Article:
Author Topic: 2015 Illustration Addendum 1.0 - Rule 17: Asking to See a Hand - Example 1  (Read 7103 times)

BillM16

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Example 1: NLHE. 3 players remain in the hand. There is no betting on the river and no player is all-in. At showdown Player A mucks his cards face down and they are pushed into the muck by the dealer.

Player A should never fold when not facing a bet.  This is a rule violation and should not be used as an example.

MikeB

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Example 1: NLHE. 3 players remain in the hand. There is no betting on the river and no player is all-in. At showdown Player A mucks his cards face down and they are pushed into the muck by the dealer.

Player A should never fold when not facing a bet.  This is a rule violation and should not be used as an example.

Situation is at showdown.

BillM16

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OK, so it is after all betting action is complete and therefore is not a non-standard fold.  However, if Player A mucks at showdown wouldn't it be considered soft play?  After all, even deuce trey off could split the pot. 

K-Lo

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The situation in the example happens all the time. I wouldn't routinely force that first person to open if he's intent on mucking.

In my view, it's his choice to muck and surrender his claim to the pot (assuming there's no intent to chip dump) with what he thinks is a losing hand.  Even if A were to bet and the bet were called, he could muck under the same circumstances (e.g. if his "bluff" got called and he assumed he has the losing hand) even though he's first to show; the "last hand standing" rule then comes into play.

That said, if the opponent asks to see that hand (and hasn't mucked himself), then the hand would be turned over and it would be live (unless you are playing EPT rules and the "mucked" hand has already made it into the dealer's area).

Nick C

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Sorry, I agree with Bill. It would always be in the best interest of the game for all players at showdown to turn over their hands. It's the only way to guarantee that the (tournament) pot goes to the winner! It protects players from mistakes, and eliminates the possibility of chip dumping.

 I've been arguing this one for years. I wonder how many winning hands, overlooked or otherwise, were mucked at tournament showdowns? Why is the TDA so adamant about showing every hand when any player is all-in, yet allows others to muck at showdown without having to show their hand?

 In 2013 one of the new board members suggested showing all cards at showdown, all-in or not. What happened to that suggestion?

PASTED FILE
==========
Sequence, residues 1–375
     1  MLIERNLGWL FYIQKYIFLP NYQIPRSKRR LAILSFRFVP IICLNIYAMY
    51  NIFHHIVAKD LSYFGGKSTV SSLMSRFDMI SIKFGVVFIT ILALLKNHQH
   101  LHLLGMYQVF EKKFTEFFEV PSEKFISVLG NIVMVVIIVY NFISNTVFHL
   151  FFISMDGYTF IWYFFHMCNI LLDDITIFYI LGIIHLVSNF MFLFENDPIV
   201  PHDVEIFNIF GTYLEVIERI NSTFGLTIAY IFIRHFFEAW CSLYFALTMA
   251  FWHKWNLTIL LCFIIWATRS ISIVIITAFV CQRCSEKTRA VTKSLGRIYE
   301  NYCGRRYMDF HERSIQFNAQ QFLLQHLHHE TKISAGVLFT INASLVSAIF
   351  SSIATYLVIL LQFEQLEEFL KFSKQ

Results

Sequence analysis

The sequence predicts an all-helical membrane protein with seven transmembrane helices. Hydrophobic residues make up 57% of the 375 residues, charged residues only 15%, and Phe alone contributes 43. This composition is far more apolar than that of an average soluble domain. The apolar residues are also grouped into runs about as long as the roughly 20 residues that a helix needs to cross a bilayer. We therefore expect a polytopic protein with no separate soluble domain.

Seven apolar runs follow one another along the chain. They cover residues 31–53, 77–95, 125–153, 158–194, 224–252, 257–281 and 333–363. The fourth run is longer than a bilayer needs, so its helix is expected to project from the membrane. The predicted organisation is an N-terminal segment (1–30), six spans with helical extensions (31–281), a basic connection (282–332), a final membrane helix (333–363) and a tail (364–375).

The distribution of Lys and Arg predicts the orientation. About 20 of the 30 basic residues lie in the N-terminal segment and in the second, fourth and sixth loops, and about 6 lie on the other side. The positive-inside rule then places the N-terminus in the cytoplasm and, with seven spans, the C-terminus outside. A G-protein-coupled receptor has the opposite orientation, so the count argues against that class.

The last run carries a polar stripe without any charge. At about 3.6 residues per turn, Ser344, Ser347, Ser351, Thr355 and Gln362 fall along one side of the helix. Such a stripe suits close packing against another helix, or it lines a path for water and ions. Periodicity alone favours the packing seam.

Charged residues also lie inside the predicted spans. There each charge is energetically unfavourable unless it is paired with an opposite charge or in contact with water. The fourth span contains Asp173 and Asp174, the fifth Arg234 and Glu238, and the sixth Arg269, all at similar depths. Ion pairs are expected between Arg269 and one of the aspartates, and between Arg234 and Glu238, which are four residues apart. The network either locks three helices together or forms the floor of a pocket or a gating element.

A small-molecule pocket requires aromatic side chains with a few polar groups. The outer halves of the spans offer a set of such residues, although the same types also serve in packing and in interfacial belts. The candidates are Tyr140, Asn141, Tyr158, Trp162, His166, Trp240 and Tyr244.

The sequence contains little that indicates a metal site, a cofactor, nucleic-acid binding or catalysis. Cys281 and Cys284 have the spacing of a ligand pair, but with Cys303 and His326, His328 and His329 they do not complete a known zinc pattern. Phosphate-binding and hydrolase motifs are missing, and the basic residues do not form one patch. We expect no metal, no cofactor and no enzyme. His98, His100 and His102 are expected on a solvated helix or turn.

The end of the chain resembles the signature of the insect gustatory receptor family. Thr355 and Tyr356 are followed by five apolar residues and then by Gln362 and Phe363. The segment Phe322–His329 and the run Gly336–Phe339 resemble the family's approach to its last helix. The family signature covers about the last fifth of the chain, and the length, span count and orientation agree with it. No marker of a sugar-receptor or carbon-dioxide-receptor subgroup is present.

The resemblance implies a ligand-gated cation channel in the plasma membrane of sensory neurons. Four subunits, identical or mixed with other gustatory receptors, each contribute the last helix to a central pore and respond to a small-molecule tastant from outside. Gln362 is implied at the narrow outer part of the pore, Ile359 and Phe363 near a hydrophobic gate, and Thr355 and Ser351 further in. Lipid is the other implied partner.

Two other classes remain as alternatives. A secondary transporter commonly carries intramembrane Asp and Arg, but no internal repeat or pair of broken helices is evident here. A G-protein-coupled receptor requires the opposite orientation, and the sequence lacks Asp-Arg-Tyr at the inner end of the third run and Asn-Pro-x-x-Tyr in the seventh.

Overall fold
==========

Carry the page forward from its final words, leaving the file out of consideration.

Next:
K-Lo

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Nick, i recently discussed your suggestion (which I know you've been pushing for a long time) with Neil.  In principle, I think he agreed that would be a great idea, but that frankly the players would never buy it. They [the players] place a very high value on what borders upon a "right" to hide certain information from their opponents if they choose to surrender their claim to the pot.  If you think the FCOD caused a lot of controversy....  ;)

MikeB

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OK, so it is after all betting action is complete and therefore is not a non-standard fold.  However, if Player A mucks at showdown wouldn't it be considered soft play?  After all, even deuce trey off could split the pot.  

Interesting discussion... not arguing the merits one way or the other, we just need to make sure it's clear what the 2015 rules say (and don't say):

1: This is a non all-in showdown. Players are not required to show their hands. They may choose to discard face down.

2: If cards are not spontaneously tabled or discarded, if there's betting on the river the last aggressor must show first (or discard). If no river betting, whoever would be first to act if it were a betting round must show first.

3: If there is betting action on the river, anyone who "pays to see the cards of the final aggressor" has a guaranteed right to see those cards on request.  Any other request to see a hand is at TDs discretion, is not guaranteed and may be allowed or denied. No request to see a hand (guaranteed or not) will be honored if the player does not retain his cards or has discarded his own hand without tabling. This is to encourage players to show their hand and was adopted in 2011 if memory serves.